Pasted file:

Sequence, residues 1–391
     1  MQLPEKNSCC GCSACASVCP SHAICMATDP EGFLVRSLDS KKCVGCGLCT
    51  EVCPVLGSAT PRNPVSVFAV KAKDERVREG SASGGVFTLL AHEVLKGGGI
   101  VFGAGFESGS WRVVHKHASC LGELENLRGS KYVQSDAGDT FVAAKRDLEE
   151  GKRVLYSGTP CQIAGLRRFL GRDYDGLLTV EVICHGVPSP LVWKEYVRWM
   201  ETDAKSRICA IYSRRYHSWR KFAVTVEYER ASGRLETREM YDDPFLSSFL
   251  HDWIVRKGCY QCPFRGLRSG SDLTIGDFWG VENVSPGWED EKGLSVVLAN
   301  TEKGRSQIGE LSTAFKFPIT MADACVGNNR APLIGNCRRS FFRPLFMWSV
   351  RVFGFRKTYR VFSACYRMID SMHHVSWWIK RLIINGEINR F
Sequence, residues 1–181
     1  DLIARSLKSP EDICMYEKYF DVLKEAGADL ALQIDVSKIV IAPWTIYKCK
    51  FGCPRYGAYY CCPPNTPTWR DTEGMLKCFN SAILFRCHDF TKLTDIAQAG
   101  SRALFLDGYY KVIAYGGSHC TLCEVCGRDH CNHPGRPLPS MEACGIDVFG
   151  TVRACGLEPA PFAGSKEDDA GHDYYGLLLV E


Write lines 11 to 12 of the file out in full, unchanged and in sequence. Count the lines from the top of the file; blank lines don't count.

     1  DLIARSLKSP EDICMYEKYF DVLKEAGADL ALQIDVSKIV IAPWTIYKCK
    51  FGCPRYGAYY CCPPNTPTWR DTEGMLKCFN SAILFRCHDF TKLTDIAQAG